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Meet Yeshi Desta, the Ethiopian chef making a mark on Auckland’s pop-up dining scene

By Kathryn Chung

Meet Yeshi Desta, the Ethiopian chef making a mark on Auckland’s pop-up dining scene
Yeshi Desta is proud to share the food and food ethos of her homeland, Ethiopia, through My Mother's Kitchen.

It’s a good sign when you walk into a place and you’re hit with tantalising smells that instantly make your mouth water. “It smells so good,” I tell my fellow diners, all gathered here for an Ethiopian Easter feast, a pop-up by the talented Yeshi Desta, founder of My Mother’s Kitchen.

Over the next few hours, we’re introduced to dishes from Desta’s homeland. Melt-in-your-mouth kitfo, a type of beef tartare, with cooked greens and soft cheese. Comforting doro wot, a spiced chicken stew with hard boiled eggs and, my favourite, a sizzling plate of yebeg tips, lamb bones with berbere spices. Everything mopped up with the staple injera, a type of fermented flatbread.

It was in March 2020, just before the country’s first lockdown, when Desta hosted her first pop-up with My Mother’s Kitchen. “I knew I couldn’t afford a place, so the idea was to do pop-ups. I knew I needed to start something new. I needed to do something for myself and just give it a go.”

The name reflects how much she missed her mother’s cooking, having moved to New Zealand 20 years ago after living in Ethiopia and Sudan. Since starting My Mother’s Kitchen, Desta’s pop-ups and events have made her a star on the local foodie scene.

Plant-based foods such as lentils and root vegetables are a major component of the Ethiopian Orthodox Christian diet, as they traditionally eat vegan every Wednesday and Friday, with longer fasts throughout the year.

“In the back of my mind, I always knew Ethiopian food would be received well because of the flavours and healthiness of veganism. In the Western world, it’s become more of a trend, but for us, it’s centuries old.”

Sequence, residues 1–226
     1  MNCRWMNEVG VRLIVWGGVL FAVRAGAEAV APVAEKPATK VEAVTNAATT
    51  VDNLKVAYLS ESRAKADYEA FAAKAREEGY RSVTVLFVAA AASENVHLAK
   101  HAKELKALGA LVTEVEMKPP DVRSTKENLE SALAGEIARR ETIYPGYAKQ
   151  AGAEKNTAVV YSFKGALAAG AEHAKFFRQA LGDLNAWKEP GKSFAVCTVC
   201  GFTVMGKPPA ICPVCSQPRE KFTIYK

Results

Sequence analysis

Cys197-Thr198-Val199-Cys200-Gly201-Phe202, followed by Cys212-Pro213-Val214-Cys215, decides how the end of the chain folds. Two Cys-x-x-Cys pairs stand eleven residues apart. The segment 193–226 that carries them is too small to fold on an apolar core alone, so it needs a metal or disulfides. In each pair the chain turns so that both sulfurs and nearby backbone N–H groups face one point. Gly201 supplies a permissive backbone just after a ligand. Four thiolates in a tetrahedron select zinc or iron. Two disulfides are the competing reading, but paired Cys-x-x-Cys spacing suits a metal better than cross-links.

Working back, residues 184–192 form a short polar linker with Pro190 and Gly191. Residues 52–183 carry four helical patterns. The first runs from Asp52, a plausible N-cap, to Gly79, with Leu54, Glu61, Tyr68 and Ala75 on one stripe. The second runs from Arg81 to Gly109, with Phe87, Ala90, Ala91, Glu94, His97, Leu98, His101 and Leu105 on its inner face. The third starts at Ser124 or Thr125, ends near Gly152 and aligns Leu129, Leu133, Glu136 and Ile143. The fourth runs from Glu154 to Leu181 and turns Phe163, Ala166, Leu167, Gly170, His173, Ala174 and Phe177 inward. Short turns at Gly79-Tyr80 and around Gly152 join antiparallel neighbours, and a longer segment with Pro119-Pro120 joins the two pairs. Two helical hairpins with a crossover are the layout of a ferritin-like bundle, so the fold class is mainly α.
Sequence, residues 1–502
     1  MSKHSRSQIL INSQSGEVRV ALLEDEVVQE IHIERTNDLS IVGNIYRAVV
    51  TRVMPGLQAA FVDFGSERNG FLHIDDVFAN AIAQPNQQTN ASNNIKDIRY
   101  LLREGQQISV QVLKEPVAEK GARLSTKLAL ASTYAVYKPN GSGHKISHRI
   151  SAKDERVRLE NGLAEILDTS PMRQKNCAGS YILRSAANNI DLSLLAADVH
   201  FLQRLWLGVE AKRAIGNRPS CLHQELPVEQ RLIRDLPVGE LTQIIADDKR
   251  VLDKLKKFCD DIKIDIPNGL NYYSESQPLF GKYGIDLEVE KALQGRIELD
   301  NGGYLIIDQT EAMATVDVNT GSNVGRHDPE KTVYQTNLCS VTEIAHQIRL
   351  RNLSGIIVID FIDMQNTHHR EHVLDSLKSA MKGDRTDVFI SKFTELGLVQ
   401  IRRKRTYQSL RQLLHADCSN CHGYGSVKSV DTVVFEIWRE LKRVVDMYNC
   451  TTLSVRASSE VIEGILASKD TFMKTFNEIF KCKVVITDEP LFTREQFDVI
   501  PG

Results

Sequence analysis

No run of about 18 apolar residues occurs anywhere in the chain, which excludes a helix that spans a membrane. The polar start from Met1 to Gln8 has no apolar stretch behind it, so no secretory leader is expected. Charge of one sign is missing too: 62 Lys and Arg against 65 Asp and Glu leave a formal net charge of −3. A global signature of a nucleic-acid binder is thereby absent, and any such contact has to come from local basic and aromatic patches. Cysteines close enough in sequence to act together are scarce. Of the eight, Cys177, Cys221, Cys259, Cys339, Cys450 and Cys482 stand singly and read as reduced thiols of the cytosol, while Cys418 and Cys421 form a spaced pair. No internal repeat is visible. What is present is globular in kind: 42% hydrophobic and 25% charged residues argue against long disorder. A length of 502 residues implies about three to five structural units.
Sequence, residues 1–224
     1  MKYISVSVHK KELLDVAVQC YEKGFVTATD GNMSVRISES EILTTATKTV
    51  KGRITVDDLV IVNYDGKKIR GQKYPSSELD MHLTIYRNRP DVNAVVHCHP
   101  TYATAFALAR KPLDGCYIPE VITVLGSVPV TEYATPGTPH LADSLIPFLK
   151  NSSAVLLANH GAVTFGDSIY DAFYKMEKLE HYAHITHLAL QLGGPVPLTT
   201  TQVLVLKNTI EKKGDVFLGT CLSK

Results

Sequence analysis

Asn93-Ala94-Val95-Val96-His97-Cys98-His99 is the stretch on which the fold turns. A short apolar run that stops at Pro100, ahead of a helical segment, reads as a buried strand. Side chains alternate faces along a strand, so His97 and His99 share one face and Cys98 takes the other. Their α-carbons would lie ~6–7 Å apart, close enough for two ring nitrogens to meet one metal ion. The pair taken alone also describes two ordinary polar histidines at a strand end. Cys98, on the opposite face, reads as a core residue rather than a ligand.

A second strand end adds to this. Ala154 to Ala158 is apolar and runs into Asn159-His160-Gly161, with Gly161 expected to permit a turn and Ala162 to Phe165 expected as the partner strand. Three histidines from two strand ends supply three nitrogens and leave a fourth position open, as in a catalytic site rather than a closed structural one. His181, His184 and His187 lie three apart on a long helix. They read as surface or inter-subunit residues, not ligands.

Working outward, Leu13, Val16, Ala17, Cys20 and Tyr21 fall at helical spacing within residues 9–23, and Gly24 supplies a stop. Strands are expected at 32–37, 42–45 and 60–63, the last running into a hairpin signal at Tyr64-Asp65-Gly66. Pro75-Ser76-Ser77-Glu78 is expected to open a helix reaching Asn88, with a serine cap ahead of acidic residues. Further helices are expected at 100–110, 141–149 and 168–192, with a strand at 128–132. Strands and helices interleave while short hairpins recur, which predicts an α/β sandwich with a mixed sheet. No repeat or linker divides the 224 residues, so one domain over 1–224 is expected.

There are no shortcuts in Ethiopian cuisine, says Desta. It takes six to eight hours to cook the doro wot stew, and the injera takes three to five days to make. “There is a big understanding of the land, nature, everything takes time. That’s the thing about Ethiopian cooking. There are no shortcuts. I think that’s what makes it delicious because you spend time getting to know the different ingredients.”

There are also no shortcuts when it comes to flavour. Berbere is a chilli blend that is central to a lot of Ethiopian cooking. “I make my berbere from scratch, as well as my butter and bread. We love spicy food, so there are lots of different chilli blends and spices.”

Her pop-ups are not only about eating, but about introducing people to the culture of her homeland. “I love to cook and to share my culture. Because we’re so far away, a lot of Kiwis don’t have a lot of knowledge about Africa, or a lot of people don’t care. Some people don’t have a positive idea of Ethiopia, to be honest. So I’m happy to share,” she says.

“A lot of people don’t know that Ethiopia is one of only two African countries not to be colonised, or that we have over 80 different languages. It’s nice to educate people about food, the way we eat, how we’re supposed to treat the land, about being patient with the ingredients. It brings me happiness to be able to share my culture.”


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